Art and Math

Symmetry is for Artists, Mathematicians, Students & Five-year-olds

My Symmetry Tiles, designed by Paula Krieg
My Symmetry Tiles

Start with symmetry.

During this time that we’ve suddenly become a nation of homeschoolers, I hope everyone will continuing learning. Home learning can be tough. As some of you know, I’ve become a great fan of taking a deep dive into learning about symmetry. I’ve become a fan because it’s become clear to me how, harnessing a formal understanding of symmetry, can be an incredibly powerful tool which can facilitate an understanding of wide ranging concepts. .

In my next post will be talking about extending symmetry to support other learning.

My last ten posts have been about exploring frieze symmetries. If you are looking for a compelling, thorough, mathematically rigorous and artistically beautiful inquiry, please start at my January 24, 2020 post and keep going.

If you are looking for something totally worthwhile and doable with young children, this post of is for you. No special materials needed. OH, but you do need at least two of things, like spoons, macaronis, pencils, shapes cut from paper, envelopes, pennies,  paperclips. crayons.

These images I’m showing are done by 4 and 5 year olds. The lesson is about mirror reflections. I put out a curated “mess” of stuff, and the children organize them into these mirrored arrangements. It’s fun to do this with a partner. You can see the yellow yarn in the center of the design. This is the line that the objects have been reflected across. Children take turns laying down an object on their side of the line, then their partner places an identical object on their side of the line so that it reflects in the same way that a mirror would reflect the object.

 

Using scissors is an interesting challenge. Some students immediately see that there needs to be some thoughtfulness in the orientation of the scissors. How do you explain to a child when they get the orientation wrong? I heard one young boy instruct his partner to flip the scissors so they match.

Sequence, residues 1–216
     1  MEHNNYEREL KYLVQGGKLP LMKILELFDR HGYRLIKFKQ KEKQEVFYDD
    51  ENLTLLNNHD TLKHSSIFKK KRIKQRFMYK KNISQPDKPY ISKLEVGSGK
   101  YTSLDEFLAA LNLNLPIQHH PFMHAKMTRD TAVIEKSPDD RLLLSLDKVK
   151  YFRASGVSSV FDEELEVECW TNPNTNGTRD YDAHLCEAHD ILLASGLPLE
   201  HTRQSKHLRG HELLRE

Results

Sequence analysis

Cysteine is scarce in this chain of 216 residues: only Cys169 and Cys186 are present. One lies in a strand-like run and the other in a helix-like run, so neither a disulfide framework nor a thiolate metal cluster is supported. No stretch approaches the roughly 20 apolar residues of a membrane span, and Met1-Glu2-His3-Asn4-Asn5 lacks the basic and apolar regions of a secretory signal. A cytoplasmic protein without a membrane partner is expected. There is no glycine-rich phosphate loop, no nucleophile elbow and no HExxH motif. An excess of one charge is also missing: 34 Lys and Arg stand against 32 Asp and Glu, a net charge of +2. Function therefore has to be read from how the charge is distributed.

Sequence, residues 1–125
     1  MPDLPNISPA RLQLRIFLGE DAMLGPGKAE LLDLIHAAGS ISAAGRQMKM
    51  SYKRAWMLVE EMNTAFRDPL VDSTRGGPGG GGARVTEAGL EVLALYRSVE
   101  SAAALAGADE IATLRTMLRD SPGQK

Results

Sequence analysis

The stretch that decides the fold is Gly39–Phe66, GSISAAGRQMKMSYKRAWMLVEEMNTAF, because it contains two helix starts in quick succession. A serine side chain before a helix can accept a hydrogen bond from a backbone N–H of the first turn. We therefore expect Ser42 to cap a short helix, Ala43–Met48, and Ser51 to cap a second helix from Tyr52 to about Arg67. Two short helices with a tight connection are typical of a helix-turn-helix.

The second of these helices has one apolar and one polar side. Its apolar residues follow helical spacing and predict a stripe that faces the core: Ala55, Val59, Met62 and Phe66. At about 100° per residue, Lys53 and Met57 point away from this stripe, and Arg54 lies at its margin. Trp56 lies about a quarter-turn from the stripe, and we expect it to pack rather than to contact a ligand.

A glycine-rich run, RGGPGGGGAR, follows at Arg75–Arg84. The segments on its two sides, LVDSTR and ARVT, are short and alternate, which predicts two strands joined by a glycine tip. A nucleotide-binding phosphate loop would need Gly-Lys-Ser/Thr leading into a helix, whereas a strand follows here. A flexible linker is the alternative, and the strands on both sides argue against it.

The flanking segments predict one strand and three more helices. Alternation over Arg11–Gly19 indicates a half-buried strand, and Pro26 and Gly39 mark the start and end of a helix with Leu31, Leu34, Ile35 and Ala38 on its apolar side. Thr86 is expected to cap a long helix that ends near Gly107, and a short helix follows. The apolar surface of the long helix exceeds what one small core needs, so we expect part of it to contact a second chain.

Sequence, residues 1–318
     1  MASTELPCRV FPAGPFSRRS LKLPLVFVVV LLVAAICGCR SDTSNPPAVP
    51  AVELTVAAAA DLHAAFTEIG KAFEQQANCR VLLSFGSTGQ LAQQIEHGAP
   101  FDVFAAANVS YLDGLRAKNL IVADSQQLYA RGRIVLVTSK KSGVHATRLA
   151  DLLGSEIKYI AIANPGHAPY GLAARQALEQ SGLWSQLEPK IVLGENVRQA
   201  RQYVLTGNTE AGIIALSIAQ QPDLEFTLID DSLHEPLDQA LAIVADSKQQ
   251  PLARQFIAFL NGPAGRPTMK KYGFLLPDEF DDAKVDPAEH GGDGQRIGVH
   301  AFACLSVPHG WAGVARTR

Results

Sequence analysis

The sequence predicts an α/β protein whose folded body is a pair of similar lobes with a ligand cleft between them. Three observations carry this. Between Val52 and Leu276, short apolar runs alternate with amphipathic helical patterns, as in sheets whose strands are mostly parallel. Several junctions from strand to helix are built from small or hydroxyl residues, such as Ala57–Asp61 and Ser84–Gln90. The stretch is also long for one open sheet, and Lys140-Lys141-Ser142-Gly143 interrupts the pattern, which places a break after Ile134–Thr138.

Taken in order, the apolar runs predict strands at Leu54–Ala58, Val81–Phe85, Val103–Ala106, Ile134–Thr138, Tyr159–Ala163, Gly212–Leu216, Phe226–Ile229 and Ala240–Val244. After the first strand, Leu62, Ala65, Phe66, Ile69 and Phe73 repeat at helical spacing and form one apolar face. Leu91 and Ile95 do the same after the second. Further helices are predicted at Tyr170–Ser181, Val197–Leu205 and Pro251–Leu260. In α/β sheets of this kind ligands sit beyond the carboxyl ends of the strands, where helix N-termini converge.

I have found that it takes very little direct instruction to get even 4 and 5 years olds to create these symmetries, which leads me to believe that they have an intutive connection to symmetry. Formalizing an understanding of this way of thinking about arrangements is something that can help develop a way of seeing deeply into things, whether it be concepts or constructions.

Over the next few weeks I intend to post often, mostly to recommend projects that have both a fun visual appeal as well as rigorous math appeal. My thought is that the connecting thread through all of them will be symmetries of many types.

3 thoughts on “Symmetry is for Artists, Mathematicians, Students & Five-year-olds

    1. Thanks Steve. Fortunately, both of my children graduated from their schools last year. I feel so lucky that they didn’t have their educations interrupted as they both had really fine educational experiences. I feel so bad for all the people whose lives are being disrupted, but especially for the kids who’ve are in the last lap of the their educations.

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